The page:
What About the Unmarginalized?

The pews are emptying in part because of the almost monopolistic harping about the marginalized.

Pews become emptier and emptier. More and more persons of Catholic background find virtually no meaning in the Faith of their ancestors.

The Covid pandemic, during which the obligation for Sunday Mass was suspended, surely is blameworthy. Those of easy habit now find themselves less eager to return for Sunday worship; others are perhaps still fearful of contracting the disease, even though churches have not been identified as sources for its spread.

Covid, however, cannot be the only explanation. While uninspiring liturgy must rank among the most important reasons, another is highly responsible: the almost monopolistic harping about the marginalized. 

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Jesus undoubtedly had a great love of the poor and the sick; and He commands us to do likewise. Good. But does not it often seem as though that is about the only command we hear about in homilies, or especially in the Catholic media? After all, we are to love our neighbor as ourselves. Catholic teaching bids us to care for the needy, that is, the deserving poor. 

The Fathers and the tradition of canon law taught that grifters would exploit and hide among the deserving poor, whose welfare would best be served if we who cared for them would separate the wheat from the chaff. The category of “the marginalized” does not quite describe those whom the New Testament commands us to serve.

American Catholics are among the wealthiest people in the world. We are better educated than most of our fellow countrymen, live in relatively safe neighborhoods, and enjoy a standard of living unimaginable even to our recent ancestors from Europe and Latin America. We may well expect recently-immigrated brothers and sisters from Catholic Africa and Catholic Asia to prosper likewise. 

Catholic elementary and secondary schools deserve much of the credit for our upward mobility and so constitute one of the most successful social justice initiatives in history. In short, the vast majority of Catholics are not the marginalized. Do we not also need Christ? We, too, are broken and in need of His healing touch. How often is it extended to us? 

Most slights, injustices, and wickednesses are committed by member against immediate family member—spouses, children, and parents. So many social pathologies can be traced to the spiritual and physical damage relatives inflict. Catholic tradition has much to say about family life well lived. Augustine of Hippo and John Paul II insisted that all other social institutions and relationships depend upon healthy families where parents are revered and respected and children learn how to become Christian adults.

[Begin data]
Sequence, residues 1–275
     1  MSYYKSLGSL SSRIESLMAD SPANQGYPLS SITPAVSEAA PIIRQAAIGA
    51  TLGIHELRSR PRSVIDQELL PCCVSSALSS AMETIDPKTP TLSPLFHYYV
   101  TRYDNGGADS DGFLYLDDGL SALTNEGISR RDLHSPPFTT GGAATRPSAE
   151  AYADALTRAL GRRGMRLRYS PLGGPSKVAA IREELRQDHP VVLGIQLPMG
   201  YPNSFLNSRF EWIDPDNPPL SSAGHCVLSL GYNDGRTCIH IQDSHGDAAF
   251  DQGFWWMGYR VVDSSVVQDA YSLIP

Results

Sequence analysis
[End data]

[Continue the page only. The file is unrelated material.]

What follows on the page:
How often do we hear what John Chrysostom preached about Christian family life? The Gospels resound with admonitions to kindnesses extended to neighbors, that is, the people whose faces we see each day. Ignatius of Loyola often observed that a great deal of good can be done merely by a kind word to either a friend or a stranger—we then serve as reminders that God abandons no one and that even in dark hours some light may shine through. How often do we hear from our shepherds the insistence of the great Bernard of Clairvaux that the path to holiness begins with goodness to the self? 

Therese of Lisieux sweetly recommended the “little way”—going about our daily tasks with contentment and extending small charities to those whom we encounter at work or in the street. In an era when so many (unmarginalized) persons feel profoundly disconnected from their fellows, our Fathers and Mothers in the Faith have responses they learned from lives lived as faithful Catholics. Though in desperate need, we rarely hear those from our shepherds.

The unmarginalized need Christ as much as their marginalized brethren. All are sinners, and Christ came to call all sinners. The synoptics all give their accounts of the public ministry of Jesus, who proclaimed, “Repent, for the Kingdom of Heaven is at hand!” The hesychast prays on each breath in contemplative meditation, “Lord Jesus Christ, Son of God, have mercy on me,”—no matter the socioeconomic status of the one who prays.

We must indeed be mindful of the marginalized, but not only them, for our lives are lived with our spouses, children, friends, and neighbors, who may not be among the marginalized. Suburban homeowners need Christ as much as the homeless in the streets. Mother Teresa once commented that the poverty in Western society was at least as bad as what she saw in the streets of Calcutta. As Augustine stated, those who have the first claims on our charity are family members, neighbors, and fellow countrymen. We are creatures of times and places. The genius of Catholicism recognizes as much, even if too many church leaders, parish pastors, and campus ministers have forgotten it.

[Photo Credit: Unsplash]


  • Robert Shaffern

    Robert W. Shaffern is a Professor of Medieval History at the University of Scranton and the author of The Penitents’ Treasury: Indulgences in Latin Christendom, 1175-1375.

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